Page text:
This was scheduled to be posted a few days ago, but I held off posting in the wake of the horrific mass murder in Orlando. 🙁 But then I realised, maybe that’s the reason I should post it. Because not only are hate crimes still happening, but anti-homosexuality laws are still a thing, now, in 2016.
From my research for Blood & Milk, and from all I have learned, I can tell you the prospects for LGBTQI people in Africa are pretty grim. In fact, according to ILGA, out of the 83 countries in the world where anti-homosexuality laws are still in place, 33 of those countries are in Africa. Punishments include imprisonment, torture, and death.
Homosexuality is illegal in Tanzania where, if found guilty, the sentence is imprisonment. And as we see in Blood & Milk, the Maasai laws for this “crime” are not so lenient.
I have had the help from a LOT of different people for this story, including several people from Africa. But the most help has come from a woman by the name of Santa Aziz, who works “in secret” helping African LGBT people, but who also lived in Tanzania with first-hand experience, information and guidance on Maasai language, diet, and culture. (I have an interview with Santa which I will post asap – she really is an amazing woman.)
But Santa has helped me with so much more than just the technical things.
I’ve doubted myself with this story, a hundred times more than I have with any other thing I’ve written. And every time I get to the point of not publishing the book, Santa says something to me that drives me forward.
The first time was before I sent it to my editor. Santa told me she works, in secret, with LGBT people in her country who live in fear for their lives everyday, and she sneaks them my books for them to read. She said it gives them hope. Real, legitimate hope, and it makes their nightmarish days a little brighter. And having something they can relate to would mean more to them than I could possibly imagine.
Her email touched me so deeply, I cried. I sent the manuscript to my editor that day.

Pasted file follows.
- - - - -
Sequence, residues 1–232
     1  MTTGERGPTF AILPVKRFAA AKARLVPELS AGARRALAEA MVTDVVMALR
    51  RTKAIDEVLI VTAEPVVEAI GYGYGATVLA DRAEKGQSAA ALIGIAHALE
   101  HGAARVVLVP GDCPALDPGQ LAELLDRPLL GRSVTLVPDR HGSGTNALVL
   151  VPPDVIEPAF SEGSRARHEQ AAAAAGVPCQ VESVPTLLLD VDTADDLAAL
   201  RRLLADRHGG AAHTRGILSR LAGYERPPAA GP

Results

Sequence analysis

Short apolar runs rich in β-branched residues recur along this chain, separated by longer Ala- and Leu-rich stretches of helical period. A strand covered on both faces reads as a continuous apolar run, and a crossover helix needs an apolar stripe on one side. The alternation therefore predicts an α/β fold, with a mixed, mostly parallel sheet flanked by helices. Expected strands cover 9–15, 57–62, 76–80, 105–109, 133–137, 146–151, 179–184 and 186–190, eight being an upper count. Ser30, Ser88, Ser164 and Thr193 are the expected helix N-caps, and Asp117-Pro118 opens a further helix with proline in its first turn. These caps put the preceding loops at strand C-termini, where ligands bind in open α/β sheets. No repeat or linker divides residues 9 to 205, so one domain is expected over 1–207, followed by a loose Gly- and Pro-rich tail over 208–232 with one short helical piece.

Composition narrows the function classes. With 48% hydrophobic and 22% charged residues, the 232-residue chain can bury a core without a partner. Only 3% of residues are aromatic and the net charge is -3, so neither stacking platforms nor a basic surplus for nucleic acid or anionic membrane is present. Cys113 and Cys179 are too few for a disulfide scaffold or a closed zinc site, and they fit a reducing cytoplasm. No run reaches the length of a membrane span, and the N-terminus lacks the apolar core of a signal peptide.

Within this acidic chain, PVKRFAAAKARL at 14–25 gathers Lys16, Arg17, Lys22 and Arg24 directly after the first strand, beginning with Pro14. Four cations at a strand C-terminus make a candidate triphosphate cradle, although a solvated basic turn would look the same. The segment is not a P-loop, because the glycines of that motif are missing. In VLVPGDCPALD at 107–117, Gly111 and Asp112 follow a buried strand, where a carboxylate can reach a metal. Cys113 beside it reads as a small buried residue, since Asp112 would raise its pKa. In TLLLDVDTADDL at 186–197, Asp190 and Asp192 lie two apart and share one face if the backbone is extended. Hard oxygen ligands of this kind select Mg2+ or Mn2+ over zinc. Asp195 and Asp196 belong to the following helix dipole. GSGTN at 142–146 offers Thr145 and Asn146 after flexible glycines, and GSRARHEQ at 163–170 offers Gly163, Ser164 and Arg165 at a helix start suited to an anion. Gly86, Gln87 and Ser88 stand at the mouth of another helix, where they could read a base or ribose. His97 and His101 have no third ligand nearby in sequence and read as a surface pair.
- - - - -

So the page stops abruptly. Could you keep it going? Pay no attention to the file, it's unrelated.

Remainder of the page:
Then when it came time to load it into Amazon for pre-orders, again I struggled for hours trying to decide whether I should publish this book at all. I knew some people would be opposed to me writing this story…
Then Santa sent me another long email of hope and gratitude for giving these people, her people, a voice, including this:
i know it might be difficult to comprehend the importance of such small gesture, but believe me when i say that it will be a HUGE thing for us. really… for anyone in Africa speaking swahili and who can understand that.
And you know what? I hit publish right then and there. Because it’s not about me, and it’s not about whether someone else thinks I don’t have the right to write this story.
It’s about giving hope to LGBT people in a small part of Africa. Real hope for real people who struggle every day, for whom this story will make a positive difference. And if this story can do that for even one person, then it should be published. When LGBT African people plead with me to please please publish this story because they need something they can relate to, then I absolutely should.
I’ve contacted The African Human Rights Coalition, an organisation who do wonderful work with LGBT people in Africa, about donating a percentage of royalties of Blood & Milk. I will post more when I have the confirmation.
If you’re interested and able, you can donate at the following links:
Because, in light of the hate-crime that cut short the lives of 49 people in Orlando, it’s more important now than it was before that we speak up for those who cannot. Not just in America, or Europe, or Australia, but in Africa too.
Because love is not, nor should it ever be, a crime.
I am a part of the fantastic fundraising efforts of our bloody awesome m/m community. The LGBTQ Push Back Charity Giveaway is raising money and awareness, in retaliation to recent (and very public) anti-gay money raising schemes. So let’s show them that we can do better!
But first some serious stuff.
I have used this next segment from The Diverse Reader post (links below) but I thought they were important to share:
We might work in a world of fiction, but here are some facts. LGBT people make up less than 10% of the overall population, yet 40% of homeless kids in the U.S. identify as LGBT. Of them, 68% cited family rejection for the reason they were on the streets. Studies have repeatedly shown that homeless LGBT kids are more at risk of being attacked, robbed, and raped than their heterosexual counterparts, more likely to engage in prostitution or survival sex, more likely to turn to drugs or alcohol, and more likely to attempt or commit suicide. Despite this, less than 25% of homeless shelters cater for or specifically target LGBT kids, leaving them at the mercy of individual organizations who can pick and choose who they help and who they abandon on the streets. Laws such as Indiana’s SB 101 enshrine the legality of refusing service—including such basic assistance as food and shelter—to people specifically because they’re LGBT.